April 11, 2018 – As EU environment ministers meet in Bulgaria to discuss the upcoming UN climate negotiations, 93 civil society organisations based in the EU and countries impacted by its climate policies have joined forces to demand a conflict of interest policy for all future UN climate talks. In a joint letter sent today to the European Union’s lead climate negotiator, EU Climate and Energy Commissioner Miguel Arias Cañete, they call on the EU to support efforts tackling vested interests at these UN conferences.

Despite their large contribution to climate change and resulting conflicts of interest, fossil fuel corporations and their lobbies have continued to be heavily involved in the negotiations around the United Nations Framework Convention on Climate Change (UNFCCC), pushing for false solutions and obstructing effective action. Curbing the influence of vested interests at the UN climate talks is essential for keeping the average global temperature rise well below 2°C, let alone 1.5°C, the key commitment under the UNFCCC’s Paris Agreement.

Countries representing nearly 70 per cent of the world’s population have long been calling upon the UNFCCC to introduce a rigorous policy framework to prevent conflicts of interest. They have been joined by numerous civil society organisations in the global South and North representing youth, indigenous people, women, and those on the front lines of climate change.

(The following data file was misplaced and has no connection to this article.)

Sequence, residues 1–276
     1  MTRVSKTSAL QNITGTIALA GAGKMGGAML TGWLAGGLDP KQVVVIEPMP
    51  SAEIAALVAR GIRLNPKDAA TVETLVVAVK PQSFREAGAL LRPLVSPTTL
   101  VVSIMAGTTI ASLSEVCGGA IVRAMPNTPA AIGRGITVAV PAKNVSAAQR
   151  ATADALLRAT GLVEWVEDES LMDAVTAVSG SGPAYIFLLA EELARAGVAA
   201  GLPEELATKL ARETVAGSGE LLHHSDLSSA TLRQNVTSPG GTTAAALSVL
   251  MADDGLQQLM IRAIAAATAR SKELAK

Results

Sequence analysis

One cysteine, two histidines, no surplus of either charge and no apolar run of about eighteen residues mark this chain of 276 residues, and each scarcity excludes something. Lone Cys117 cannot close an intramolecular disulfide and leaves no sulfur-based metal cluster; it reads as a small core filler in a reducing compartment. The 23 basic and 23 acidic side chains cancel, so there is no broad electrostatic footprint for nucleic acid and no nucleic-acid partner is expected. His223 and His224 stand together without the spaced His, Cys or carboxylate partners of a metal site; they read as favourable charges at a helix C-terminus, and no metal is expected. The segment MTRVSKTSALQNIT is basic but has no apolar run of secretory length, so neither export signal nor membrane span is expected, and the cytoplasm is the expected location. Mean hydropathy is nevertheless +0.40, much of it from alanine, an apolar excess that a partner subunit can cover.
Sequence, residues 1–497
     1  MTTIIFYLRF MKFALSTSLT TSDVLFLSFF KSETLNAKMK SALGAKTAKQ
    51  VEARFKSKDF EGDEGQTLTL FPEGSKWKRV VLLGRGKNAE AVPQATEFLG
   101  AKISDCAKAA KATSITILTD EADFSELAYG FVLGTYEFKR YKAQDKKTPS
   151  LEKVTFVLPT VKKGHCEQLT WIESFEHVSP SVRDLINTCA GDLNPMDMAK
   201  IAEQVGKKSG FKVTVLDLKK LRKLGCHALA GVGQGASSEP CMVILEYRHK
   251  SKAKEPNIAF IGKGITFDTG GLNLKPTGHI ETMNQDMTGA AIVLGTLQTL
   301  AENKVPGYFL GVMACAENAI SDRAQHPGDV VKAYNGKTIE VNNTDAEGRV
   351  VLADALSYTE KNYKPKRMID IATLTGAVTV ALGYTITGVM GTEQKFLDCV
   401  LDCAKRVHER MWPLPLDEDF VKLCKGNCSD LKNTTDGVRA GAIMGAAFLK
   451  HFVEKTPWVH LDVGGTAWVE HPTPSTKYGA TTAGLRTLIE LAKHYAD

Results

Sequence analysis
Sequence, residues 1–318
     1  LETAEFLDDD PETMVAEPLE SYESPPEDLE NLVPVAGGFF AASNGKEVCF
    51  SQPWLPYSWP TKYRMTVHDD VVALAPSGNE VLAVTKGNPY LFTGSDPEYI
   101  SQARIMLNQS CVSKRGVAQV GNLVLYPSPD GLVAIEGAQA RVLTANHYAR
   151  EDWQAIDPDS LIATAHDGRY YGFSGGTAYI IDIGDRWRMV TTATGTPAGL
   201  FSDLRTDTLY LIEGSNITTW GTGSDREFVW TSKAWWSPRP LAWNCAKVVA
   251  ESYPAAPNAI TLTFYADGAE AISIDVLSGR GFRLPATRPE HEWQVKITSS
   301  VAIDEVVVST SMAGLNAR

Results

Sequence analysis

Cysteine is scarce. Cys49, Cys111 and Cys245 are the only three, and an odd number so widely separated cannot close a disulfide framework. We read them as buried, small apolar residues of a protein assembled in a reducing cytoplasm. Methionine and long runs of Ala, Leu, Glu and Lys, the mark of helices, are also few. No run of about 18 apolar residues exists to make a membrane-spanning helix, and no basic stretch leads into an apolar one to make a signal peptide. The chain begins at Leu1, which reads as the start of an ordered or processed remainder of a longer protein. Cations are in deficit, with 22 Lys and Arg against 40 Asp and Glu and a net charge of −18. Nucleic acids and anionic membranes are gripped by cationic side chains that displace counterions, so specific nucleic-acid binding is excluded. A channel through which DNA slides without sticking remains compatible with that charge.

Environmental and citizens’ groups including Corporate Europe Observatory, Friends of the Earth Europe, The European Public Health Alliance, Greenpeace EU and the European Environmental Bureau are leading the EU-level call ahead of this year’s intersessional negotiations at the UNFCCC in May – the next opportunity to address the influence of the fossil fuel industry over the UN climate talks.

Corporate Europe Observatory’s climate campaigner Pascoe Sabido said:

“Countries at the front lines of climate change and the global civil society movements supporting them are not alone in demanding the UN curb conflicts of interest at its climate change conferences. While the European Parliament recently passed a resolution with the exact same requests, the EU Commission continues to block progress on this issue – alongside historic polluters like the USA and Australia.”

Paul de Clerck, Economic Justice Programme Coordinator at Friends of the Earth Europe said:

“While oil and gas companies are publicly speaking about their commitment to the Paris Agreement, we see them obstructing strong climate policies behind the scenes and lobbying for measures like Carbon Capture and Storage that let them off the hook. As long as these companies have such excessive influence over negotiators, we will not see a fossil free world and will not be able to keep global warming under 1.5°C.”

Secretary General at the European Public Health Alliance Nina Renshaw noted:

“There is already a very good example for a successful conflict of interest policy at the UN level. Vested interests have been blacklisted under the United Nations Framework Convention on Tobacco Control, in order to protect public health policy-making from the influence of the tobacco industry and its lobbyists. The parallel to the fossil fuel lobbies’ influence in climate policy is very clear – climate change is, after all, also a major threat to global public health.”


  • A good example of the way fossil fuel companies have captured the policy debate, is Shell’s recent report on pathways to net-zero emissions, which presents Carbon Capture and Storage (CSS) as a central measures for reducing greenhouse gases. As a key step, CSS has also found its way onto the political agenda at many levels, including the EU level, in member states and at the International Energy Agency.

  • More on the connections between public health and climate change can be found at http://www.lancetcountdown.org/